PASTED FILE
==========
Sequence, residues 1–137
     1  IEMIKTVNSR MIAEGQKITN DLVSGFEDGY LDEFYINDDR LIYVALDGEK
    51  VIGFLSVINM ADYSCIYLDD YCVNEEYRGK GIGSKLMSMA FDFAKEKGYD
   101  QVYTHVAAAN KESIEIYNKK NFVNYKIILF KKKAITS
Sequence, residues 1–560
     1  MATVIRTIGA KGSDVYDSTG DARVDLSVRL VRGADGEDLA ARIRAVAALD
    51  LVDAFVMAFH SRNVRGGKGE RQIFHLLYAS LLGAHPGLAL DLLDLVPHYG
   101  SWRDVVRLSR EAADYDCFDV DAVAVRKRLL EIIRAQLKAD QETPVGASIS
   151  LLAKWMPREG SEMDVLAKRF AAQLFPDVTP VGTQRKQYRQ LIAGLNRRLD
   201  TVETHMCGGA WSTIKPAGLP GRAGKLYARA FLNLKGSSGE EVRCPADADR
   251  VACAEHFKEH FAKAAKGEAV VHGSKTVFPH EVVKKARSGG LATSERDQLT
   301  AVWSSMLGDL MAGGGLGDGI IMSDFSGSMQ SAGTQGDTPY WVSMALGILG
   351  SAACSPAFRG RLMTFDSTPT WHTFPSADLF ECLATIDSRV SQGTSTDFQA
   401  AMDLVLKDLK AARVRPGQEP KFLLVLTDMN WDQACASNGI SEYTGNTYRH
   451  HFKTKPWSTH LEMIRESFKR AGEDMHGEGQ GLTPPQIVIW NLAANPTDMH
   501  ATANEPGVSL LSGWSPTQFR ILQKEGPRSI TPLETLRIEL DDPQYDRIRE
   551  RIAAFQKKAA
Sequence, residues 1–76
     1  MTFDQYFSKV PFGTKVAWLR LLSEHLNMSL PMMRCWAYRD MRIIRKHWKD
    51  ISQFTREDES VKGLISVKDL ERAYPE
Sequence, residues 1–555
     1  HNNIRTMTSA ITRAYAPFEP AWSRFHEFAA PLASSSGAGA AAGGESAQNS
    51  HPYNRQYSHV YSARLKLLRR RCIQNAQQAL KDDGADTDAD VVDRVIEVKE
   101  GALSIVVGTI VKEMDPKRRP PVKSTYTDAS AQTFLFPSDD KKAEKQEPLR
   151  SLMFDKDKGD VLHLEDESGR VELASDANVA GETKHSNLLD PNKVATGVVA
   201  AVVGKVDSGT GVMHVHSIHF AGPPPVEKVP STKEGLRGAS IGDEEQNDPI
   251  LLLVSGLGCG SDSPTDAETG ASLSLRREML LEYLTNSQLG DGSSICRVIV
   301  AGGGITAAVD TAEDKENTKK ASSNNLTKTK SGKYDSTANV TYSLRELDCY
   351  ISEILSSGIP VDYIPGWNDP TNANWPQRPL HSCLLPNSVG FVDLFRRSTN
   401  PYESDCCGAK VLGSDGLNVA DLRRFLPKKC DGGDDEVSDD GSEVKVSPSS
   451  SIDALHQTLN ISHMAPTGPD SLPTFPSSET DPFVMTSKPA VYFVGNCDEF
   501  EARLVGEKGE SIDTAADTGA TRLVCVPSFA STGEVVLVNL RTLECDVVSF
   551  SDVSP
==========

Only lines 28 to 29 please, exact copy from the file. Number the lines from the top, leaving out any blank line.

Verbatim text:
   301  AGGGITAAVD TAEDKENTKK ASSNNLTKTK SGKYDSTANV TYSLRELDCY
   351  ISEILSSGIP VDYIPGWNDP TNANWPQRPL HSCLLPNSVG FVDLFRRSTN